The New York Public Service Commission has granted Charter more time to produce a plan for discontinuing service in New York, extending the deadline to Oct. 9, as well as the deadline for appealing that decision, which is now Sept. 10.
The commission ruled on July 27 that the cable operator had failed to comply with the broadband network expansion condition the state put on the deal, as well as related matters in which it was "deficient," and require Charter to come up with a plan within 60 days of how to wind down operations in the state.
Charter, which is expected to challenge the ruling, sought an extension of the Sept. 25 deadline for filing the plan, saying it would give it more time to talk with the Department of Public Services before initiating an appeal or court proceedings, as well as of the Aug. 27 deadline for filing for a re-hearing.
The commission concluded that "the modest 14-day extension requested by Charter for both was "sufficiently timely and reasonable under the circumstances."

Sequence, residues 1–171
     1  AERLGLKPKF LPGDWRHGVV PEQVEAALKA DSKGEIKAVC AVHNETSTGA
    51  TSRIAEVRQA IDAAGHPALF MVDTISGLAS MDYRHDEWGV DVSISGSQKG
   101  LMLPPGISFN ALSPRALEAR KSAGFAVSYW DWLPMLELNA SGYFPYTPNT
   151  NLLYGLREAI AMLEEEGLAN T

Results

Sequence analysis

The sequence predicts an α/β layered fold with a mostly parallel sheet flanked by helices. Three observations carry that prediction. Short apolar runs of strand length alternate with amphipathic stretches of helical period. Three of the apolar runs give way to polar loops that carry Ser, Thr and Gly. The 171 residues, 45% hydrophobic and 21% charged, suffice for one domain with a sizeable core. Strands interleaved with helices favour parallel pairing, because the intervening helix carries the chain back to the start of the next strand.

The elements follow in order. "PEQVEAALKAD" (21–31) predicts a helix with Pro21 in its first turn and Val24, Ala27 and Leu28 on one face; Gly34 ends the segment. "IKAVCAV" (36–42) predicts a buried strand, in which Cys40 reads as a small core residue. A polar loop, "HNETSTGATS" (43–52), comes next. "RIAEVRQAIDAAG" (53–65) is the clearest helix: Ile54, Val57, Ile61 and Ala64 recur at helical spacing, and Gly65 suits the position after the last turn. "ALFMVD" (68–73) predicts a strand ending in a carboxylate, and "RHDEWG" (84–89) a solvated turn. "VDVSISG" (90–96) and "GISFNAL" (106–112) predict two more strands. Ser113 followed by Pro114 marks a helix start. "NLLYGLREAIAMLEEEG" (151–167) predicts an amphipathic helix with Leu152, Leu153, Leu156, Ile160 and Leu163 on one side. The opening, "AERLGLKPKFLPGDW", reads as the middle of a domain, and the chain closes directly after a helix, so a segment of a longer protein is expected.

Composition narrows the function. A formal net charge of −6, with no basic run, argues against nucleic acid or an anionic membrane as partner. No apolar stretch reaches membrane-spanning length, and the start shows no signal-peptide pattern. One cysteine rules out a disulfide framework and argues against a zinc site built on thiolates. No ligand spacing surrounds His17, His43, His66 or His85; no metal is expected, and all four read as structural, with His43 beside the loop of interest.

The state and cable operator had been tussling over how Charter was complying with the deal condition that it "pass' an additional 145,000 “unserved” (download speeds of 0-24.9 Megabits per second (Mbps)) and “underserved” (download speeds of 25-99.9 Mbps) residential and/or business units within less populated areas of New York (the Network Expansion Condition).
The expansion was to have been achieved in phases. The state says Charter failed to build out the requisite 36,250 premises by May 18, 2017. The state and Charter reached a settlement for that underperformance, but now the state says Charter has failed to meet its buildout targets--the commission disallowed some of the addresses Charter said had been reached--though Charter has told the commission it did not believe it has "disavowed" its commitments to the state.
“When users type queries into the Google Search bar, our goal is to make sure they receive the most relevant answers in a matter of seconds," Google responded. "Search is not used to set a political agenda and we don't bias our results toward any political ideology. Every year, we issue hundreds of improvements to our algorithms to ensure they surface high-quality content in response to users' queries. We continually work to improve Google Search and we never rank search results to manipulate political sentiment."